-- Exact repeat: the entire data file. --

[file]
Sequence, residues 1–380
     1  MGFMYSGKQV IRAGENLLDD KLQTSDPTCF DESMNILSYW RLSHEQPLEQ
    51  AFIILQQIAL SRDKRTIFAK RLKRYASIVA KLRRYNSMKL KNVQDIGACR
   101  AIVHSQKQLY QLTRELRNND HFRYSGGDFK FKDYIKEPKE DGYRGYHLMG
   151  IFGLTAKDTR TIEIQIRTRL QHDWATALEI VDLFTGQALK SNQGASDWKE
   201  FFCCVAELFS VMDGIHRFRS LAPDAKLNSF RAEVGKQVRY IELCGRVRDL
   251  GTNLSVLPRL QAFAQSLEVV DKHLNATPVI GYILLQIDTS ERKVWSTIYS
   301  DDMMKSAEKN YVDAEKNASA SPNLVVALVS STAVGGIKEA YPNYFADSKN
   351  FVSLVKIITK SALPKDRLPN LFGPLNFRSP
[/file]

Sequence, residues 1–380
     1  MGFMYSGKQV IRAGENLLDD KLQTSDPTCF DESMNILSYW RLSHEQPLEQ
    51  AFIILQQIAL SRDKRTIFAK RLKRYASIVA KLRRYNSMKL KNVQDIGACR
   101  AIVHSQKQLY QLTRELRNND HFRYSGGDFK FKDYIKEPKE DGYRGYHLMG
   151  IFGLTAKDTR TIEIQIRTRL QHDWATALEI VDLFTGQALK SNQGASDWKE
   201  FFCCVAELFS VMDGIHRFRS LAPDAKLNSF RAEVGKQVRY IELCGRVRDL
   251  GTNLSVLPRL QAFAQSLEVV DKHLNATPVI GYILLQIDTS ERKVWSTIYS
   301  DDMMKSAEKN YVDAEKNASA SPNLVVALVS STAVGGIKEA YPNYFADSKN
   351  FVSLVKIITK SALPKDRLPN LFGPLNFRSP